Publication - Statistics publication

Total income from farming: estimates for Scotland 2015-2017

Published: 31 Jan 2018
Directorate:
Agriculture and Rural Economy Directorate
Part of:
Farming and rural, Statistics
ISBN:
9781788515801

The official measure of the net income gained by the agriculture industry in Scotland.

Contents
Total income from farming: estimates for Scotland 2015-2017
9. NUTS2 regional estimates

9. NUTS2 regional estimates

Regional estimates of TIFF have been calculated by allocating outputs and inputs to Scotland's four NUTS2-level regions [4] . Census and Farm Business Survey data are used to allocate livestock, crop data and costs, though it should be noted that uniform prices are applied across all regions. For example, the national estimate of dairy output is allocated in proportion to the number of dairy cows in each region, without taking into account any differential prices that there may be.

Chart 11 illustrates the relative importance of each output sector to the regions. The graphic relates to outputs only, estimated costs are not included and so the graphic should not be taken as illustrating regional sector GVA or profits. It can be seen that the South West relies heavily on output from milk, accounting for well over a third of the region's output, though also on beef production. Beef and cereals dominate the North East, with Highlands and Islands having important beef and sheep sectors, as well as relying more on other income sources. Eastern Scotland has the most balanced distribution of output, with cereals, potatoes, horticulture, cattle, and poultry each producing more than ten per cent of the region's output, with none above 20 per cent.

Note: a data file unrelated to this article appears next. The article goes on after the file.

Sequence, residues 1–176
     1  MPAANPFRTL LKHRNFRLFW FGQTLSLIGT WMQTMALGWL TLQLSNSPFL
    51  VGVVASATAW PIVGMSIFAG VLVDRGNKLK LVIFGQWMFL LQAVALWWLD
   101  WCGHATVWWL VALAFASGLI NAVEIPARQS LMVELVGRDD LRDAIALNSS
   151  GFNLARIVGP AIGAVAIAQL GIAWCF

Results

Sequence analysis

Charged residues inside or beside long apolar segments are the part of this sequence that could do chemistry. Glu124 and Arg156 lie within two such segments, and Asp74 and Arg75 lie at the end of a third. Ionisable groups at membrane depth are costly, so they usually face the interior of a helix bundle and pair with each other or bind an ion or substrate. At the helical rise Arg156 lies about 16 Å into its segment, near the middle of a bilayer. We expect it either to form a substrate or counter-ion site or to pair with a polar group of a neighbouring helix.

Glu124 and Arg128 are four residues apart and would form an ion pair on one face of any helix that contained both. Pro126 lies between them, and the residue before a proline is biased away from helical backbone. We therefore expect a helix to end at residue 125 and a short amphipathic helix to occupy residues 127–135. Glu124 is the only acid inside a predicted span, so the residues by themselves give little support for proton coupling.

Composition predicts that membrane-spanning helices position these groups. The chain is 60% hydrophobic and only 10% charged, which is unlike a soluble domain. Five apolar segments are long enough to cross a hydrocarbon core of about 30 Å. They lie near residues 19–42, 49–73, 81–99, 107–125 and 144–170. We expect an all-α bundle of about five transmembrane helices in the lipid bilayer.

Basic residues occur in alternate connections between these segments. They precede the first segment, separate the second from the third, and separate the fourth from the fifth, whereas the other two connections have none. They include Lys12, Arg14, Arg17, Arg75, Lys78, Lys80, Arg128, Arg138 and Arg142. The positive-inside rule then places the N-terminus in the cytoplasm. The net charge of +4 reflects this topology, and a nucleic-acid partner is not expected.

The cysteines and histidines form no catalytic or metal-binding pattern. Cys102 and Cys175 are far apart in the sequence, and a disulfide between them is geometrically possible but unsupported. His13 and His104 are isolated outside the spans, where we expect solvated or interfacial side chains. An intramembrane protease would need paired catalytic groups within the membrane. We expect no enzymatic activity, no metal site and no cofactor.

Chart 11: Estimated output per hectare by NUTS2 region 2017

Chart 11: Estimated output per hectare by NUTS2 region 2017

Assumed uniformity of price is also an issue in the estimation of regional input costs. However, where these are taken from the Farm Business Survey, farm-type level costs are used, with each region's costs produced by applying the proportion of each farm-type in the region. Hence, for example, the Highlands and Islands region would be heavily influenced by the average costs of LFA cattle and sheep farms, whereas East Scotland would be more influenced by the average costs of cereal, horticulture or general cropping farms. This year we have also estimated differential costs for feed and fertiliser, based on research findings into the additional costs in rural areas, and for labour, based on the Hours and Earnings Survey.

It is also recognised that certain regions produce store cattle for other regions, and that this is not included directly in the regional TIFF calculations, as only exported cattle are counted. However, since income from slaughter is distributed in proportion to regional cattle numbers, and these numbers include those that will be sold as store, it is likely that the overall estimation for income from cattle will not be affected too much.

As illustrated in chart 13, the TIFF estimates for 2016, and initial estimates for 2017, suggest that on a per hectare basis, the highest level of income from farming is in the North East. In 2016 Eastern Scotland and the South West had similar values per hectare, though in 2017 the increased milk price benefited the South West. Highlands & Islands has the lowest income from farming, with agriculture estimated to have made only a very small profit once support is included.

Chart 12: Regional TIFF estimates for 2016 and initial estimates for 2017

Chart 12: Regional TIFF estimates for 2016 and initial estimates for 2017

Chart 13: Regional TIFF estimates, per hectare, for 2016 and initial estimates for 2017

Chart 13: Regional TIFF estimates, per hectare, for 2016 and initial estimates for 2017

Chart 14: Map showing NUTS2 Regions of Scotland used in regional analysis

Chart 14: Map showing NUTS2 Regions of Scotland used in regional analysis


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